Over the past eight weeks I have been on a U.S. tour worthy of the Rolling Stones or The Police. With stops in 10 states, I have fielded a lot of questions and have had a number of interesting conversations. What is intriguing about my recent multitude of meetings is that the same questions seem to be top of mind for many, rolling off the tongue with great frequency.
What's on the minds of global advertisers? Here's a look at the most frequently asked and most interesting questions I have had to consider during my travels.
What's the deal with Panama?
I spent four days with Yahoo during my travels and the general mood can best be described as giddy. While part of that may have been the sunny location, more was tied directly to the early results of Panama. The new platform has lived up to its hype and seems to be giving large advertisers a boost in click-through rates while drops in CPCs are being reported. This is certainly not an absolute phenomenon, but it is safe to say that Yahoo has, to date, delivered the goods. Questions still linger: Will this lead to increased market share? Is this a case of smart marketers staying ahead of the general population curve? Will results eventually revert back to old production levels?
It is all too early to tell. But for now, the project Yahoo calls Panama is a success.
Do you buy Google's click fraud announcement?
So Google comes out and states that .02% of all click fraud goes undetected by Google, while the rest is caught and handled. One of the biggest challenges to this statement is, we are talking about billions and billions of action here across the Google network. So, while on one hand advertisers of all shapes and sizes may see virtually no fraud, there is another segment that would certainly and vehemently disagree with the engine's announcement.
And therein lies the biggest problem: The report is about Google, by Google. At its core, this comes back to a painful fact of life in a world where Google controls the market it practices. The company is the final judge and jury in this matter. The average advertiser is not using third-party fraud monitoring technology. And even if advertisers had rudimentary ways of detecting click fraud, the Google Terms & Conditions state that the engine decide what is and is not a valid click. Until the approach to click fraud changes on some level and a standard for auditing is adopted, the latest announcement and low percentage will remain a dubious report.
Given the size of our campaign, how should we handle messaging and content connection?
Whenever I meet a prospect, I do an exercise I call "Throwing Rocks at Glass House." Any campaign has holes in it. Some are caused by sloppy work, but more often than not these holes are caused by share-of-voice limitations, sheer volume, the speed at which programs get implemented and internal limitations that could not have been predicted ahead of time.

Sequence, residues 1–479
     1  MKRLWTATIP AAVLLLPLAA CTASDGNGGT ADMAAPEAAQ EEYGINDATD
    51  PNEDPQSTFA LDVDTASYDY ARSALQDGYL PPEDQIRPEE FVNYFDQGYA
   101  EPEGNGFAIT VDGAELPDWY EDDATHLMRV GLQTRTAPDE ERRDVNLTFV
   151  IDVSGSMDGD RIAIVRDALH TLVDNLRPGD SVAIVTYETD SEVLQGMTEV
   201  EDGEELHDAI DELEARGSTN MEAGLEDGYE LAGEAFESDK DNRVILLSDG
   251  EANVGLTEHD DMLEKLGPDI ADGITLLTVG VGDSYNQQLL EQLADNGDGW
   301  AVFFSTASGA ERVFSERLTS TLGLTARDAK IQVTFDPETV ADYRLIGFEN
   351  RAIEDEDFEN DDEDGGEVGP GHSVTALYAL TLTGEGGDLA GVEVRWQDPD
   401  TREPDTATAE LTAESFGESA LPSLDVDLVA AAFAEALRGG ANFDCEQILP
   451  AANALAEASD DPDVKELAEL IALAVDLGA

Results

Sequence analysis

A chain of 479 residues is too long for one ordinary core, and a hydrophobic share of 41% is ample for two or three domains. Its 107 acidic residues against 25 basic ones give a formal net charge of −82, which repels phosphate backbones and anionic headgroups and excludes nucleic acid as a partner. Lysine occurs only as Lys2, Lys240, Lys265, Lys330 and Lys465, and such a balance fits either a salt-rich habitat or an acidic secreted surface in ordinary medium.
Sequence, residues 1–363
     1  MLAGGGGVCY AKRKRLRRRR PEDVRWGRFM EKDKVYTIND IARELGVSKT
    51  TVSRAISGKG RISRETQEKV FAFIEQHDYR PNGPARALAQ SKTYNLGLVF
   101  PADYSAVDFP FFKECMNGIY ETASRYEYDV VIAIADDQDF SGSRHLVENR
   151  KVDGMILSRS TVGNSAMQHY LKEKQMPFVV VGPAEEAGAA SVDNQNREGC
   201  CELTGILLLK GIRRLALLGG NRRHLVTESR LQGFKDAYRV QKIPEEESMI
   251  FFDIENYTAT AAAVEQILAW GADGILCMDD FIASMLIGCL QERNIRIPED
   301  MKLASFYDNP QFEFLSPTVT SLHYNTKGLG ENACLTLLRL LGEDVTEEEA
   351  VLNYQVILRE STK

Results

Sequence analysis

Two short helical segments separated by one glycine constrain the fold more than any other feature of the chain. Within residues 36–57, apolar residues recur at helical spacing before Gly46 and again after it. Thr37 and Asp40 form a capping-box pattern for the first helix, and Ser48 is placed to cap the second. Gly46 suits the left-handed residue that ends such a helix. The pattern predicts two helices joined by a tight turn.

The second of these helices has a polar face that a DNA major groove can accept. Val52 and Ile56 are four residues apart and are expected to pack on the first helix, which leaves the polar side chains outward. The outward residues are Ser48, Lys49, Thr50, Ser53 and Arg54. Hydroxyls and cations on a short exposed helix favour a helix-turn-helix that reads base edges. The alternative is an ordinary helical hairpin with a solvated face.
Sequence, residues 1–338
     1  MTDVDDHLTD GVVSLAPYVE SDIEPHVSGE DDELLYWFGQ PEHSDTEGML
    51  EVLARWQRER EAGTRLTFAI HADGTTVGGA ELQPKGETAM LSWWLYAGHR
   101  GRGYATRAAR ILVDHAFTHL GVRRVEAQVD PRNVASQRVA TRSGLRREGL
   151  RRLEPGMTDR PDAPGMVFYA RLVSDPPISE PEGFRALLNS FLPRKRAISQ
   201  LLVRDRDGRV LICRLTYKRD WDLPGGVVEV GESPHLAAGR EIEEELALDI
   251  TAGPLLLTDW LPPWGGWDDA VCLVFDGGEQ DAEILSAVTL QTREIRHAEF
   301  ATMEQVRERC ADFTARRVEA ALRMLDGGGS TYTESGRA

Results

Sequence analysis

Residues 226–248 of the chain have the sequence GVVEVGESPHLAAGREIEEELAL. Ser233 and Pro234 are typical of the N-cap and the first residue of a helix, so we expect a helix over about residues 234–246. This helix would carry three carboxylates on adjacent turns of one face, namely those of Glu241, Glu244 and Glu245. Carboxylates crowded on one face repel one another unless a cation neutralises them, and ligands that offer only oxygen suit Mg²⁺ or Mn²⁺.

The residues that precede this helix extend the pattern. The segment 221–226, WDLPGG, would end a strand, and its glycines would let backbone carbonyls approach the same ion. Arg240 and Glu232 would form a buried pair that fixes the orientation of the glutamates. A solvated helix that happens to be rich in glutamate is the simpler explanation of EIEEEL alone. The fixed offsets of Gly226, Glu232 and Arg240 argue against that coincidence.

Recently I presented such an example that caused some people to shake their heads in horror -- while others laughed at the comedy of the error. I was then asked, given a program with over 100,000 keywords in its core campaign and 20 additional business units, what was the acceptable margin of error around match types and copy? Genuinely a great question.
We talk a lot about the human interaction and relevancy of search when we have these meetings -- and this is why. Our goal is to never see this type of error, but it can happen from time to time. Yet when we check things out, the cause, almost without fail, is directly related to priorities and process. Companies tend to prioritize technology so highly that they lose sight of the value in message and relevancy to the consumer, enabling these errors to become more and more prevalent.
The tighter the process for implementation and the more connected the program's priorities are, the lower the likelihood for messaging and content errors to happen.
What impact does our media have on our search program?
As "The Search Guy," I talk about this a lot. We placed a lot of early bets on analytics and the understanding of holistic search management and integration. We spend a great deal of time looking at correlation and halo effect, and have conducted research that shows correlations between online display advertising and search CTR. No big surprise there. But when we started to see more than 80 percent correlation between the search conversion rate and the level of DRTV Gross Ratings Points, it became clear that search is entering uncharted waters.
Advertisers are thinking. They want more from search and are asking the same questions. And with that, I head back to the airport for another trip. This one, however, is a vacation. Time for someone else to be "The Search Guy" for a week while I field a new array of questions, like "Are we there yet?"